The Rise Of The Meat Alternative

May 22, 2019 | Food and Culture

It seems that over the last few weeks everywhere you turn people are talking about hamburgers that aren’t hamburgers. Meat made from plants, and not in the traditional sense of cow eats plants, turns into more cow. These plants, mostly soy and pea, are turned into meat in a lab. But why?

Today we are going to take a look at the rise of these meat substitutes. We will look at the two main companies behind this new wave of vegan meat alternatives. We’ll find out how their products are different from each other, and why we should care about them.

Today we are going beyond meat, and taking a look at the impossible foods of the future. Let’s get into it.

Beyond Meat –

If you live in Canada you have likely been hearing a lot about the Beyond Meat Burger. A&W has been selling Beyond Meat in Canada since July 2018 but it has only really hit the grocery stores here in the last few weeks. There has been a push to get the meat alternative into the grocery store fridges before grilling season kicked off last weekend.

Beyond Meat is a California based company that has been in business since 2009. Their mission is to fulfill the world’s protein needs with plants rather than animals. Why? They say to improve human health. Reduce the impact that feeding a grown global population has on our environment. Reduce the use of global resources like fresh water (currently 1/3 of all our fresh water goes to feeding live stock). Finally, to improving animal welfare.

Beyond Meat makes their meat alternative mostly with pea protein. This is mixed with canola oil, coconut oil, cellulose, potato starch, maltodextrin, yeast extract, salt, beet juice for colour, and a bunch of other stuff.

Their products do not contain peanuts or tree nut, however there has been some new research stating people with peanut allergies may have a reaction to pea protein. Beyond meat burgers are also gluten and soy free and GMO free.

Currently Beyond Meat is valued at $3.8 billion dollars and is sold in 50 countries.

Impossible Foods –

Impossible foods is also a California based company. They were founded in 2011. Like Beyond Meat, Impossible foods is on a mission to reduce the environmental impact of meat production and to feed a growing population.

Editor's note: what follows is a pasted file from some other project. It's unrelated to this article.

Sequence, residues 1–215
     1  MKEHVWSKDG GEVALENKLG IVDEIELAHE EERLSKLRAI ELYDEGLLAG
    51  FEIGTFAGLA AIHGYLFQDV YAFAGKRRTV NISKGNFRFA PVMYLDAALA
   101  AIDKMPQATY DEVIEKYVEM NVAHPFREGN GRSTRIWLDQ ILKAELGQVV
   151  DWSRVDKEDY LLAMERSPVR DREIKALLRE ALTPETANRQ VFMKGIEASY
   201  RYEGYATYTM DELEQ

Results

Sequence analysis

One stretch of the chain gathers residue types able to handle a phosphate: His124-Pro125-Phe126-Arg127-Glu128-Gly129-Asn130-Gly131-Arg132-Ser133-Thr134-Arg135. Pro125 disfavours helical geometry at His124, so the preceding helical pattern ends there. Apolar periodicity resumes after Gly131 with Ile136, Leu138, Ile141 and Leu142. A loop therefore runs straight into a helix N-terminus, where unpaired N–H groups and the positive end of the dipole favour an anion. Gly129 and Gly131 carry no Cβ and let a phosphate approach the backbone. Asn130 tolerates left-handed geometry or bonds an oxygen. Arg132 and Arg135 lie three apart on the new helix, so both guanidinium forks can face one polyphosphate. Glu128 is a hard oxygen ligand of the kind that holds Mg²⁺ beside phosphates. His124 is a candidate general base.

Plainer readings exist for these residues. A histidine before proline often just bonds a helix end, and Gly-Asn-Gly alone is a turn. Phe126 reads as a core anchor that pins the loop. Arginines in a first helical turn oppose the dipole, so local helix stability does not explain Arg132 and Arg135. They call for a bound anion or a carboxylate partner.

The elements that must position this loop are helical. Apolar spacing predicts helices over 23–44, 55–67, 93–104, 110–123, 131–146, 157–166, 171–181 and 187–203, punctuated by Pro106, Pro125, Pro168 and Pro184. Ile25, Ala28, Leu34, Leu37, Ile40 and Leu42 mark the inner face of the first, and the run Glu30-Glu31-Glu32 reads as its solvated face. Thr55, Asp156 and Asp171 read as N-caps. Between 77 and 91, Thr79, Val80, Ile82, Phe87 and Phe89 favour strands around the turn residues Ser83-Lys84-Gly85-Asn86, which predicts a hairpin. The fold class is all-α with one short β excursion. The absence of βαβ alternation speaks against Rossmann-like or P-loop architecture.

The impossible burger doesn’t seem to have hit Canada just yet but is widely available in the US. Currently the only place to get an Impossible Burger outside the US is in Hong Kong. Eventually, they will be everywhere though.

Impossible foods makes there product mostly out of soy and potato proteins. They use coconut and sunflower oil to give the burger that meaty greasiness.

What really sets Impossible Foods apart from their competitors, including Beyond Meat is something they call Heme. Heme is this mythical item that is found in all living things. It is found in it’s greatest concentration in flesh and is what makes meat taste like meat. According to the company when we crave meat, we are actually craving Heme.

Impossible foods uses a genetically modified strain of yeast which they ferment, like brewing beer. But, rather than making beer they make Heme. If you are a little confused, let me clarify as best I can. It seems to me that they are essentially making a synthetic, plant based blood that they are using to flavour and colour their soy and potato proteins.

Impossible foods has defiantly taken a much more scientific approach than Beyond Meat, working at a molecular level to make something that supposedly really tastes like meat.

Meat Alternative Opinions –

Full disclosure, I have yet to try either of these products. One, the Impossible Burger I can’t get unless I travel to the US. The other, Beyond Meat, I actually looked for in the grocery store last night and couldn’t find. I am not opposed to trying either of these I just haven’t done it yet. When I do I will write about it.

Due to the fact that I haven’t tried either of these products I can’t speak to the flavour, texture, or overall meatiness of either of them. What I can say is that love the idea or hate it, meat alternatives are only going to become more and more prevalent. Likely, in a few years, no one will be able to tell the difference between meat and not meat.

There are some issues with these products. They are both very high in sodium and saturated fats. I think that is going to have to change before these really become a true meat alternative. When I say “true meat alternative” I mean meat eaters choose them over meat sometimes.

I think that it is important and an inevitability that we move partially away from animal protein sources. Beyond any other issue, it just isn’t sustainable with the current rate of global population growth. It just doesn’t make sense. So, if a company can produce a meat alternative that really is easier on the environment, and tastes great then I think it is fantastic.

I think that these alternatives, and the ones these companies and companies like them will be producing in the near future will in some ways allow us to have our cake and eat it too. We may still be able to get that delicious meat flavour and texture, but without the meat. I think it is an exciting and important prospect. What do you think?


  1. Bob Hickey

    Hi Ben. I’ve tried the Beyond Meat Burger (found at Sobeys) and cooked it on the BBQ. It actually was quite good. I’ve bought and cooked it a second time, which says something. But they are expensive.

  2. Chef Ben Kelly

    Thanks for the comment Bob. I will have to try them. I feel like with time the price will come down. If it doesn’t it will never be able to fulfill the mission of the company behind it.

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